I remember the first time I bought a cordless drill. I love tools and I was excited to bring it home and try it out. Unfortunately, the batteries didn’t hold a charge for very long, and the drill lacked sufficient torque to do any real work. But I had already spent the money so I was stuck with it. I couldn’t buy another one. I wished I had done more homework before hand. Or that I rented one a few times to learn what features and capabilities I needed in a drill.
Work zone ITS is no different. ITS is now becoming common in work zones. Let me be the first to welcome many of you to our world. It’s a wonderful tool that can save many lives but, like most tools, you won’t know what you need until you have several projects behind you.
As you gain experience, you will add more requirements to your specification. Every job that goes wrong will result in a tougher specification, a new feature requirement, or improved response time from your vendors. This is normal. It’s called learning from experience.
But it would be nice if we had a study or process that leads us quickly and easily through the process of finding the best value system for our needs. Each deployment is a little different. The goals vary from project to project. What works well in one situation may not work at all in the next.
Work zone ITS, like cordless drills, come in a range of quality, features, and prices. Buying the cheapest is rarely a good idea. But how do you get the best value for your needs?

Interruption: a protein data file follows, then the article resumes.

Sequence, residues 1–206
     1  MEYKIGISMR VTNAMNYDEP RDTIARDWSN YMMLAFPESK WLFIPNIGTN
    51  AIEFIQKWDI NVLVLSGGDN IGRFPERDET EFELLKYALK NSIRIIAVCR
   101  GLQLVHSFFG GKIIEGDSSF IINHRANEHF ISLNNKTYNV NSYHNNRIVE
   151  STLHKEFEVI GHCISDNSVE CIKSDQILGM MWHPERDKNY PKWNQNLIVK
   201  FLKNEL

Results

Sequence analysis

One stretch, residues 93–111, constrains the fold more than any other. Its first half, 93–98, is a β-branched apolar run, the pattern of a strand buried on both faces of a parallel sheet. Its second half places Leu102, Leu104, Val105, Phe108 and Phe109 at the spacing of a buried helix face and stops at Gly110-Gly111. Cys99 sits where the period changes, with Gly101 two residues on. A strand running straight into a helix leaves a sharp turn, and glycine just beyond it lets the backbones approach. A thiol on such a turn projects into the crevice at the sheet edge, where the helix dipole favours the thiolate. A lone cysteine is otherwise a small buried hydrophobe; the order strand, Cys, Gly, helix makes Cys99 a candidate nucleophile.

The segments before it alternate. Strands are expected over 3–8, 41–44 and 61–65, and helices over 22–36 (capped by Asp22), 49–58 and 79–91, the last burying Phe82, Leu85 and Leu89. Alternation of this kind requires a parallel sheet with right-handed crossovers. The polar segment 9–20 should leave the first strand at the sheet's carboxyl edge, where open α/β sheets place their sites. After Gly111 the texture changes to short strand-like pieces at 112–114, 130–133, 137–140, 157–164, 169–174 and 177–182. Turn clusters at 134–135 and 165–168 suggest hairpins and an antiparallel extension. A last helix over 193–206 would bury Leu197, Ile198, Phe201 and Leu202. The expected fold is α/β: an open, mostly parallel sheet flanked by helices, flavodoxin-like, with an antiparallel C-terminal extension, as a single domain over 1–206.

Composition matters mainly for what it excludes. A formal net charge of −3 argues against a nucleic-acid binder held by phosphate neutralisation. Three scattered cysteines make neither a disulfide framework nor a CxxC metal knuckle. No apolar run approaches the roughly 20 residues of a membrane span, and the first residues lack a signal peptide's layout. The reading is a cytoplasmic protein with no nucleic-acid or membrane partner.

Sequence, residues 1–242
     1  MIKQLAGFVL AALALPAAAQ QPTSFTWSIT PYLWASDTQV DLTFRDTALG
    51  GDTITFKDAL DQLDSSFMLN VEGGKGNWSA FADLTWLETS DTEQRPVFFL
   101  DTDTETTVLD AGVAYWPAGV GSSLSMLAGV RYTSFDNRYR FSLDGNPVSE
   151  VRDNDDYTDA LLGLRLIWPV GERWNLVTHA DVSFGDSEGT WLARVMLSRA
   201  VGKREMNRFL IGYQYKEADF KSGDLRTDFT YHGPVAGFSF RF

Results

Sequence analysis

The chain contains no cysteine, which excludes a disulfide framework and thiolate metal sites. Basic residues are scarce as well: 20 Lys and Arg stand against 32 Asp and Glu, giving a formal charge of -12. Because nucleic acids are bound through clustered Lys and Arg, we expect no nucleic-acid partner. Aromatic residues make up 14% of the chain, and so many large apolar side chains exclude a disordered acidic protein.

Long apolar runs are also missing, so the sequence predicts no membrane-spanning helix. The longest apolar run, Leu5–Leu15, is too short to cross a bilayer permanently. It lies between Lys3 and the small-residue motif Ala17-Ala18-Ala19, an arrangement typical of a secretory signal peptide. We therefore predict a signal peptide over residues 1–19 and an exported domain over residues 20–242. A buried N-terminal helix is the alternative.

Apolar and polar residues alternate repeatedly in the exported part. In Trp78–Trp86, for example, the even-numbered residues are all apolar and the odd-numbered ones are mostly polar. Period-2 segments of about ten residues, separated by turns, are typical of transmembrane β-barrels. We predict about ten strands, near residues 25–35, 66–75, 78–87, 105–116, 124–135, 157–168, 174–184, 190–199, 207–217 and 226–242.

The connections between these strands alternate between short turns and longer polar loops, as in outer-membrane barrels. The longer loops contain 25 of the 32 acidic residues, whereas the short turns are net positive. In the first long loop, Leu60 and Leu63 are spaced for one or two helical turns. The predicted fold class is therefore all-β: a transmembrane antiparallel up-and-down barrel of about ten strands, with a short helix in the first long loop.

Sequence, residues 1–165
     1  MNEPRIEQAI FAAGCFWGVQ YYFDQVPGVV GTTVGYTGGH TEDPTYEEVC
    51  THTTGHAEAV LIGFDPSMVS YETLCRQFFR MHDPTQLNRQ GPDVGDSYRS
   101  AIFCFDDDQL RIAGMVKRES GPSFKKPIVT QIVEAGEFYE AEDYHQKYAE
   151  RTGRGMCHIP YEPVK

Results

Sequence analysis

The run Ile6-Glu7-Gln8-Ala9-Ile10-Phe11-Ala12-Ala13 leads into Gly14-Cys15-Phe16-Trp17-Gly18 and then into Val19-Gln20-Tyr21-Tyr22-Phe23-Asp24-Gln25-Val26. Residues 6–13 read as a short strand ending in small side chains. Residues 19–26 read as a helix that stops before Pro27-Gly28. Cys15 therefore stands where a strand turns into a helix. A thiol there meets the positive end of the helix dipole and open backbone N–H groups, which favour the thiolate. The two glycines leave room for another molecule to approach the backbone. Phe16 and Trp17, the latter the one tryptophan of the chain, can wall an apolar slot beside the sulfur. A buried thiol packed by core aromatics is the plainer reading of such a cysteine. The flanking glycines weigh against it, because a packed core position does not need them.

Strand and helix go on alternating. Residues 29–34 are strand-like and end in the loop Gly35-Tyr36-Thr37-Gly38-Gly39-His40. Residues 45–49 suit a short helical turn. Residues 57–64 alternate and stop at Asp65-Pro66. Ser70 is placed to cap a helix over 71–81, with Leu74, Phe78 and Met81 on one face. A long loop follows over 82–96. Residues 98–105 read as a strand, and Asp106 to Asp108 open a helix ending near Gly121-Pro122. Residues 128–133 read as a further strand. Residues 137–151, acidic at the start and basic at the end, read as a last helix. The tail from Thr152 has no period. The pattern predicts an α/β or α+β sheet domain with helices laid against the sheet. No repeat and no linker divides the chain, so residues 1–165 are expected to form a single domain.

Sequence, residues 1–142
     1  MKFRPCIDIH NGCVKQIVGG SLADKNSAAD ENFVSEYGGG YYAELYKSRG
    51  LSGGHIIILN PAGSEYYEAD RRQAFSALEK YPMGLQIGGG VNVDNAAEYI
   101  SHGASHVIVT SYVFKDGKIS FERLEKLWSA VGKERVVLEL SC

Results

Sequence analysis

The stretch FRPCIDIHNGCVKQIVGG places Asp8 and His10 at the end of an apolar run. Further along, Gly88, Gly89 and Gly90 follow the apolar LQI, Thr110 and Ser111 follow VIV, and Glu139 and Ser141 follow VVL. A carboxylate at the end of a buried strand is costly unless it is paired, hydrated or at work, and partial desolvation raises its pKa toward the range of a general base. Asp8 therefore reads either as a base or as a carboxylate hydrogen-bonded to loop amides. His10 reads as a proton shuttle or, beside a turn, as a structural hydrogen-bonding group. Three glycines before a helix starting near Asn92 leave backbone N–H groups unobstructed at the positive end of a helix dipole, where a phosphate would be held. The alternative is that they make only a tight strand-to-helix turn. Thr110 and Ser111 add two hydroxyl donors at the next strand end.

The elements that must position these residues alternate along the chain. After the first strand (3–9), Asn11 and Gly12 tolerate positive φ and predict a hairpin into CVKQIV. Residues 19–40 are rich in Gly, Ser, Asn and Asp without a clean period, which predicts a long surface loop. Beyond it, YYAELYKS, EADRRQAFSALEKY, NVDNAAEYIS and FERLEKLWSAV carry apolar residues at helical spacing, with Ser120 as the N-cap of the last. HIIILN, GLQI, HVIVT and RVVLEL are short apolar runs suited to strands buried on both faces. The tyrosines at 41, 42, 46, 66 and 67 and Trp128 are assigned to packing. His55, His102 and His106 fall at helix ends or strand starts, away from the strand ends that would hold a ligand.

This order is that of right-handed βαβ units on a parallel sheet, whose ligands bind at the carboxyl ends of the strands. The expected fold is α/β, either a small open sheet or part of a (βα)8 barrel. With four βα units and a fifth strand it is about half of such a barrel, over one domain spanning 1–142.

First, don’t buy right away. Rent through an experienced work zone ITS system provider. Get involved in the deployment (see “Get Involved with Work Zone ITS” – 2/24/13) and learn what works and what could use improvement.
Once you are ready to write a specification, I recommend plagiarism. There are several good specs out there. Borrow from them as much as you can. But also try to include something on the following topics:
1. Clearly define your expectations for system performance. What do you want to accomplish?
2. Specify the quantity of sensors, message boards, and other devices needed for your project.
3. Set and enforce standards of performance. If something is not repaired or replaced within X hours, you must deduct that from the monthly charge.
4. Be sure the system is scalable. You may find you need two more sensors or one fewer message board. Make it easy to adjust after the job starts.
5. Understand maintenance requirements. Will you have to expose workers to traffic every day to change batteries, or to do some other work? Or will the system operate efficiently for weeks at a time? And who will be responsible for that maintenance?
6. Communications are critical. Require redundancy in the system. If the devices can’t communicate, they can’t warn drivers of changing conditions. And that could lead to far more serious problems.
Still, I wish a university or research group would come up with a process to help agencies through the process of finding the best value system for their particular needs. It would have to involve some sort of decision tree. But it could also vary recommendations depending on traffic volumes, goals of the deployment, expected queue lengths, etc. Do any of you have a suggestion? Please share them with us.